I speak Danish. I have lived in Denmark for more than a decade, and I speak it reasonably well, or at least well enough to appear in my daughter’s school play in a Danish-speaking role. Other foreigners frequently ask me for my advice on how to learn Danish.
It wasn’t easy. For the first few years, I made plenty of mistakes.
Thrown out the window
Like, for example, the time when I was forced to quickly leave a sublet apartment, and told everybody that I was not thrown out (smidt ud) but thrown out the window (kastet ud.) Or like the time I went past the Fødevareministeriet (Agricultural Ministry) and, getting fødevarer confused with fodtøj, wondered why Denmark had such a big ministry for shoes.
I didn’t have much luck learning Danish from the government-funded Danish-language schools. Although I hear they’re better now, when I arrived their programs were clearly designed for a low-skill type of immigrant. One made us repeat over and over, supposedly as a pronunciation drill, “Jeg arbejder på en fabrik i Vanløse.” (“I work in a factory in Vanløse.”)
They also insisted on lumping candidates from all countries in a single class, being politically unwilling to accept that someone from Sweden might learn Danish a little faster than someone from, say, Korea. As each day’s class entered its third hour, the Swedish girl was drawing pictures in her notebook, while the guy from Korea was lost and gradually losing the will to live.
So I got a private teacher, which worked better for me. Written Danish wasn’t too hard; it’s straightforward and free of all the kaleidoscopic verb endings of Spanish and French and the silly old-fashioned spellings of English.
Only a part of each word
Unfortunately, written Danish has absolutely nothing to do with spoken Danish. Danes, in a salute to Scandinavian minimalism, say only part of each word. Thus, what looks in your workbook like “Hvad hedder du?” (“What is your name?”) is actually pronounced “Hv’ hed’ du?” Learning to understand spoken Danish is learning to guess which part of the spoken word is missing.
While you’re trying to learn to understand spoken Danish, the best people to listen to are other foreigners. Other foreigners, in their ignorance, say entire Danish words. One of the first Danish speakers I could understand was the Queen’s husband Prince Henrik, who was born in France. Danes hate the way he speaks Danish, but that’s because he says the entire word, every time.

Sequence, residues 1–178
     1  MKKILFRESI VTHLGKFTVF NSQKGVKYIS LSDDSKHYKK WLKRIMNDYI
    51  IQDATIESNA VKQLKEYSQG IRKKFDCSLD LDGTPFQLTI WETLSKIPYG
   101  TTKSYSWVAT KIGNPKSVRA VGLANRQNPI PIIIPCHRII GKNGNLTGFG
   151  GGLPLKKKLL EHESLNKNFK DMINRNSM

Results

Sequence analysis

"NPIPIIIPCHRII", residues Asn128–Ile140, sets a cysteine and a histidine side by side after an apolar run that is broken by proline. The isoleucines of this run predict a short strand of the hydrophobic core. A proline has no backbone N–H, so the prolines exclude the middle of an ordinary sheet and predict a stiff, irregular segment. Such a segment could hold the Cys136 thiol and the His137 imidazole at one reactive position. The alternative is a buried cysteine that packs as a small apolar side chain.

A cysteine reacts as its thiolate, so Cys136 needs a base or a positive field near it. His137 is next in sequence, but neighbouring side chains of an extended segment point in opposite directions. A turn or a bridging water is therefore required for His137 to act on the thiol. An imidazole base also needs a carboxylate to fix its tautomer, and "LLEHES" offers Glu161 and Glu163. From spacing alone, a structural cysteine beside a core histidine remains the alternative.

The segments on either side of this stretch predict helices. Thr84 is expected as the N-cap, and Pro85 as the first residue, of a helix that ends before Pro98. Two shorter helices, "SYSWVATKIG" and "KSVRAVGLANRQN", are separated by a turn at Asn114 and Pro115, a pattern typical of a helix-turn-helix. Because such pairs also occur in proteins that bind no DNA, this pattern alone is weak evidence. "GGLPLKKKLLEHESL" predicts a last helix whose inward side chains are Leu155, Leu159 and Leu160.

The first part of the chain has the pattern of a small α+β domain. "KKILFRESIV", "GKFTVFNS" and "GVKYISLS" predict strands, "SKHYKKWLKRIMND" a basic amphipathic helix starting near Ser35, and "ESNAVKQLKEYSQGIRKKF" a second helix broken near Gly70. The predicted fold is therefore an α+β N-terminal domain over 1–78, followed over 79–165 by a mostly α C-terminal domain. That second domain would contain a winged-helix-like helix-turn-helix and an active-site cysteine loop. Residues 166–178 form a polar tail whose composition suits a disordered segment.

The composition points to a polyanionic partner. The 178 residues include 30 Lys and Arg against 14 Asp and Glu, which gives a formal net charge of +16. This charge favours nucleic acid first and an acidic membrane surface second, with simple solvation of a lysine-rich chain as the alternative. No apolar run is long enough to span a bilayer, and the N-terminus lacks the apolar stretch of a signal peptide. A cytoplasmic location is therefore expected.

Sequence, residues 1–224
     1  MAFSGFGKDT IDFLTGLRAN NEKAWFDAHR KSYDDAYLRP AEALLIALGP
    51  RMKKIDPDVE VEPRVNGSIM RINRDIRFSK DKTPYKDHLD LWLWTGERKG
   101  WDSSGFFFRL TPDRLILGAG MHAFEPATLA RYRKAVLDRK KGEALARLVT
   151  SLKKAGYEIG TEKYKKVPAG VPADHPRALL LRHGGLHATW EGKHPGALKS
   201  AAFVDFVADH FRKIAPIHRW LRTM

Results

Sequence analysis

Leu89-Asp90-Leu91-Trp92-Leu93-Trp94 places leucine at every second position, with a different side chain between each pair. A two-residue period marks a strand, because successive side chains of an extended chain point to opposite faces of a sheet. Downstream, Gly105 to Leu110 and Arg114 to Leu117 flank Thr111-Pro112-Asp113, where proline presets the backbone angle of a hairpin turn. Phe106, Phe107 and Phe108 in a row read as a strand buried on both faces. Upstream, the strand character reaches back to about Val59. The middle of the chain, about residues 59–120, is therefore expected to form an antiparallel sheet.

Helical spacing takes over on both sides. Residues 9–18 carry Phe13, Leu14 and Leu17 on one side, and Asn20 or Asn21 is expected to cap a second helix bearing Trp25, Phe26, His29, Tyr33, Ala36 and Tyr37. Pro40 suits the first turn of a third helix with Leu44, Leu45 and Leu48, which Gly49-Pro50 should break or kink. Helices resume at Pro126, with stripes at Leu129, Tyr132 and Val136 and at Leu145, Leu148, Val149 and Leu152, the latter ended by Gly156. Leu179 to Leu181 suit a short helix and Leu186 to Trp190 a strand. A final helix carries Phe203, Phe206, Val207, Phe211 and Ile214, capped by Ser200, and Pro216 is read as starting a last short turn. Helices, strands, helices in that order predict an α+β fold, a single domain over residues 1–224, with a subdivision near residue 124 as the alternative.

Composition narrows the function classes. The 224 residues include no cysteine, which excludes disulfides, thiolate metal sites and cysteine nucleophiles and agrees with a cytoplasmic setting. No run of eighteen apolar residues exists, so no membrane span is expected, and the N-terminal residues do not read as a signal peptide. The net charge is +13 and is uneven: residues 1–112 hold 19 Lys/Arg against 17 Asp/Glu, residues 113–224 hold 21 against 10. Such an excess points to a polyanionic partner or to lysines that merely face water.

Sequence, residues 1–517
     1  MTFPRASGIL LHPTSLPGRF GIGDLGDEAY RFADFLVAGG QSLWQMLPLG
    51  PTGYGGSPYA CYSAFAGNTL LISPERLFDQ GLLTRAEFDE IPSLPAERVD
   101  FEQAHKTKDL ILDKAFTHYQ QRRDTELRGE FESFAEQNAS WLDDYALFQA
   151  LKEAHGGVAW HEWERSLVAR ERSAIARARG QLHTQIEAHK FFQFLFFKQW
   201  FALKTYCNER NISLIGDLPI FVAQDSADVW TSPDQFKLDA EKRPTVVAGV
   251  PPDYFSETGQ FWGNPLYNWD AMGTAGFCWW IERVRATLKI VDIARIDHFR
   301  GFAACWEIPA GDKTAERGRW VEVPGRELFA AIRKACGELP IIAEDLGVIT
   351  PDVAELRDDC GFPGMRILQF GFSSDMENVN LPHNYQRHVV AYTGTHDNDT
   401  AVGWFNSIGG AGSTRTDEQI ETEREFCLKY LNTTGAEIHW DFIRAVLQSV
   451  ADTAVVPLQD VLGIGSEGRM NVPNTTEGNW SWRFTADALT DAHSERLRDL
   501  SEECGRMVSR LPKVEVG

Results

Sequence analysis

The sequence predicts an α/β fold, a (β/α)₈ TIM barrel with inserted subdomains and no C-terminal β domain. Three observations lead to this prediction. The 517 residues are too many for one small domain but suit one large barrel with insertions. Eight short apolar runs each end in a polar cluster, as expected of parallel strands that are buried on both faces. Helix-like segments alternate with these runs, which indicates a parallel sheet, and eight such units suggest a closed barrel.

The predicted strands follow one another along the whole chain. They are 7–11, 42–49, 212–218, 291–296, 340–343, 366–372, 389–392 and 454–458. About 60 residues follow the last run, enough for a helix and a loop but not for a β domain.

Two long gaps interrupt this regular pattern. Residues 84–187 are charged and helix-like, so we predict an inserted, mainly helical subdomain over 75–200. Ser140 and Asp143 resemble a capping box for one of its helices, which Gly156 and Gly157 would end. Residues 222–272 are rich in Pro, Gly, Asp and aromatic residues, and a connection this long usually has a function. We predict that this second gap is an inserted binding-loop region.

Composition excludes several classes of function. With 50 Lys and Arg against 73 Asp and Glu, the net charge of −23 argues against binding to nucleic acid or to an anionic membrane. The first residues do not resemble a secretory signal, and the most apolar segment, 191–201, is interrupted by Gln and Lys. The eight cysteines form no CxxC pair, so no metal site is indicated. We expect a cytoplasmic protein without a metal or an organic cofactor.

I can also recommend watching hand puppets on television – since they have no real mouths, whomever is speaking for them needs to enunciate very well. Anything on TV in Danish with Danish-language subtitles for the deaf is also good. If all Danes came equipped with subtitles, life would be much easier for foreigners.
Hver dag og hverdag
Anyway, you might as well take mumbling as an advantage and mumble yourself. It makes it a lot harder for people to tell if you are making mistakes. I find it a particularly effective way of hiding my problems with adjective endings, i.e. the correct “hver dag” or the incorrect “hvere dag.” (By the way, “hverdage” (week days) does not really mean “hver dag” (every day of the week), as I found out when I tried to go to a “Åben hverdage” shop on a Sunday).
At any rate, you will often be surprised to find Danes themselves differing about spelling and other points of language, particularly when it comes to the use of commas, which can make these ordinarily gentle people come close to starting a fist fight.
I can suffer it
Small disputes aside, the Danish language generally reflects the homogeny and harmony of Danish culture. That means no one ever says anything too definitively, for fear of having an unpopular opinion and being forced to back down.
For example, if something is good, you would say in English that you definitely and positively like it, but in Danish you will say that you kan lide it, directly translated as you can suffer it. This construction keeps Danes from being unfashionably enthusiastic about things, and thereby assuming their opinion is more valuable than others, as proscribed by the Jantelov.
Also keep in mind non-committal phrases like i mine øjne (in my eyes), det kunne godt være (could well be), and the all-time favourite, blandt andre (among other things). Blandt andre should be added to the end of every list to make sure no one will ever be able to accuse you of leaving something off the list.
Watch out for O and Ø
Let me leave you with a few final tips. Watch the “o” and “ø” – for example, the “Mønster Bageri” near my home is trying to tell people that it is an excellent bakery (mønster), not that it is full of monsters.
Be careful about words that sound similar: after hearing a safety announcement on the 2A bus, I once tried to explain to a deaf old lady that “en tyver” (a twenty cent piece) was in town picking pockets, when I should have said “en tyv” (a thief) was at fault.
And take special care when you use “dufte” (smell good) and “lugte” (smell bad) It’s the same word – “smell” – in English, but people get real mad if you tell you can “lugte” the dinner they spent all day preparing.
Actually, there is a secret to learning Danish quickly, but it would horrify every Dane. That said, it assisted me enormously with grammar, vocabulary and comprehension. I might never have learned Danish without it. The terrible secret is: Learn German first. If you can speak English and German, functional Danish is only a few months of practice away.
Buy Kay’s books about Denmark on Amazon, Saxo, Google Books, Apple Books, Barnes & Noble Nook, or via our webshop.
Image mashup copyright Kay Xander Mellish 2021
Danes and English, or “Can I get by in Denmark without learning Danish?”
Is learning to speak Danish worth it?
Painful hugs and Poison Gifts: When the same words mean different things in English and Danish